For years, the Iowa DOT has collected traffic data using sensors embedded in the pavement or mounted at the side of the road or on other structures such as bridges. The data is very useful to both travelers wanting real-time traffic speeds and transportation planners looking at ways to improve the system.
Until recently, these sensors were the most complete and timely way to gather traffic information. Unfortunately this method of collecting information left a gap in our data. How do we get traffic data in rural areas where we don’t have sensors?
On the never-ending quest to find new and better ways to collect and analyze data, Iowa DOT data managers began to explore options available from global positioning system (GPS) enabled devices. Using GPS data, third-party traffic providers are harnessing this valuable resource and packaging it for use by state DOTs, among others.
After carefully investigating third-party options, the Iowa DOT entered into a contract with INRIX® in March 2014 to gather traffic analytics information on Iowa roadways.
INRIX collects information from mobile phones, connected cars, trucks, delivery vans, and other fleet vehicles equipped with GPS locator devices. This “probe data” can tell the Iowa DOT real-time traffic speed information for our roadways that is likely more accurate and covers a broader area than the data provided by the current sensors. Unlike the current sensors, the GPS data does not include traffic volumes, just speeds. Just like sensor data, probe data can be used to generate alerts and maps and calculate travel times. Sinclair Stolle, Iowa DOT’s Traveler Information Program coordinator, said, “The biggest difference between traffic sensor data and the third-party traffic data is the coverage area. Data from INRIX covers many more roadways – 8,758 centerline miles in Iowa including more ramps and interchanges. That’s a huge increase in the amount of data we can access without any of the cost of installation, configuration, and maintenance of sensors. We expect the probe data will provide information in areas where we have not been able to collect traffic information in the past.”
Results and Improvements
The real time data is used to inform travelers of conditions that can impact their travel plans when bottlenecks or delays occur during rush hour, because of an crash, a big game in Ames or Iowa City or a major storm and help them make decisions on when it is best to travel or what roads to take.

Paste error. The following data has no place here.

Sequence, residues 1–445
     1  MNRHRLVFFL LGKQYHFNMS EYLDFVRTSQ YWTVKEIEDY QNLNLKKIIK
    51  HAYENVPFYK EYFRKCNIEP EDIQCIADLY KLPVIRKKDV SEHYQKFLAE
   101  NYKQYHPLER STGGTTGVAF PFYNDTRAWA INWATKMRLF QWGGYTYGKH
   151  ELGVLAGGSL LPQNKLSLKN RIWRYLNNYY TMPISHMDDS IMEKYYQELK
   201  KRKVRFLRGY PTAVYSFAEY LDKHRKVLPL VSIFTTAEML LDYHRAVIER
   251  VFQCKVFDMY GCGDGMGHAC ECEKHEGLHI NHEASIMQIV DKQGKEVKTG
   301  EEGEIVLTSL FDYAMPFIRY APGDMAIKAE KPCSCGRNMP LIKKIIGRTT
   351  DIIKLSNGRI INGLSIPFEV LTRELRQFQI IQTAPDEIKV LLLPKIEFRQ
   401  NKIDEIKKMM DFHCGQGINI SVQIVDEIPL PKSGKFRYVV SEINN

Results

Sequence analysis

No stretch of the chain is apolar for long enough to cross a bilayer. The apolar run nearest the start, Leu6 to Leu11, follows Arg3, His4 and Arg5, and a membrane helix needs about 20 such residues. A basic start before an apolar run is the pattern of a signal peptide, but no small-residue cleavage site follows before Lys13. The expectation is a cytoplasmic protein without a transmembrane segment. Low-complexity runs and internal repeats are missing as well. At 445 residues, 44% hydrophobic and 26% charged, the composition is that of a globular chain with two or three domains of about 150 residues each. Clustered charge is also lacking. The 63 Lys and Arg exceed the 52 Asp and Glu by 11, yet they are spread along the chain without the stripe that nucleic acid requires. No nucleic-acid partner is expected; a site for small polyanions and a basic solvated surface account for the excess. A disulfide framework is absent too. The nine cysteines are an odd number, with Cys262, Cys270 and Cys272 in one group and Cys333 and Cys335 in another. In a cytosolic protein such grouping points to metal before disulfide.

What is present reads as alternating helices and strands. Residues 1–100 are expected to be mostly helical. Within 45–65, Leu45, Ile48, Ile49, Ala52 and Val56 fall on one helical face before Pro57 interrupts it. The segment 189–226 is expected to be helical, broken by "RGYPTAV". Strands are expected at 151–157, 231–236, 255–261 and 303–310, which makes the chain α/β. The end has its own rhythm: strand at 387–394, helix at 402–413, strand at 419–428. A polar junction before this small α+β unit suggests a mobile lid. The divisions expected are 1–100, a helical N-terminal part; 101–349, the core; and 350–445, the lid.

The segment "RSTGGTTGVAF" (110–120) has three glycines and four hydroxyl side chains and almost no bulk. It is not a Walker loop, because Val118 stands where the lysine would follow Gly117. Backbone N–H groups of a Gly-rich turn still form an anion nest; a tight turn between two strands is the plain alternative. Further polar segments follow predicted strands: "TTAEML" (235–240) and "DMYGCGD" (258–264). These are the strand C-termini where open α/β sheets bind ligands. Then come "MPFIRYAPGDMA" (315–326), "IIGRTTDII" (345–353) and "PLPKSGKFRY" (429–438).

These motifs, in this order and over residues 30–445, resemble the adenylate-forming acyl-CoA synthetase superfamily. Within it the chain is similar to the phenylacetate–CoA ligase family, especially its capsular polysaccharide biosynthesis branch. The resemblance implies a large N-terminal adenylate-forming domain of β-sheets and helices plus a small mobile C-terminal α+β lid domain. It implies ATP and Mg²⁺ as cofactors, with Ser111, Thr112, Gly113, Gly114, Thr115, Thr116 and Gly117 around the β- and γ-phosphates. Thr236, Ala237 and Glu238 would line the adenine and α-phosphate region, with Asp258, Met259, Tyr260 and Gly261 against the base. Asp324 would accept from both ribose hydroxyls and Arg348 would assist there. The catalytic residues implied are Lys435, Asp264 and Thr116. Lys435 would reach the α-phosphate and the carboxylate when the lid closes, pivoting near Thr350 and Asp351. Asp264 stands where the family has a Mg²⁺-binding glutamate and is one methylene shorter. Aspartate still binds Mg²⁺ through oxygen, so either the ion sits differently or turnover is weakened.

The real-time data also assists the Iowa DOT’s Traffic Operations Center (TOC) in balancing traffic when needed during a traffic incident. Stolle said, “The TOC has access to maps that show congestion in a way that is quick and easy to understand. TOC operators can use those to post messages to travelers like ‘Expect delays’ related to an event.”
Data is stored and analyzed later to assist traffic engineers in planning for future transportation needs and after-action reports after a major traffic incident. The procurement of this traffic data service also included historical data from the vendor to assist Iowa DOT planners. Sam Hiscocks, from the Office of Systems Planning, and his team are working with that historical data to identify potential bottlenecks on Iowa’s highways. Hiscocks said, “We can use the data to create a formula and figure out where bottlenecks are regularly occurring. We can map those out and then explore ways to eliminate the bottlenecks.” Ultimately the goal is keeping Iowa’s roadways moving in a safe and reliable manner.
“Data from INRIX covers significantly more roadways – 8,758 centerline miles in Iowa including more ramps and interchanges. That’s a huge increase in the amount of data we can access without any of the cost of installation, configuration, and maintenance of sensors.”
Hiscocks says his office is also using the historical data to find out how these bottlenecks and other traffic slowdowns impact freight movements. He said, “We can overlay the data we collect on truck traffic with the traffic speed data from INRIX and highlight the areas that have both bottlenecks and more than 30 percent truck traffic. We held a meeting with the Iowa Freight Advisory Council in June where we presented this information and gathered feedback. The council was invited to prioritize the identified bottlenecks and suggest additional locations to be considered. The overall feedback was positive.”
As for the cost of the data, Stolle said that is part of the evaluation process of the current contract with INRIX. She said, “We will be analyzing the cost of the data versus the cost of installing and maintaining a physical sensor system. We will also look at the accuracy of the probe data versus the sensor data to assure we are getting the best value for the dollars spent.”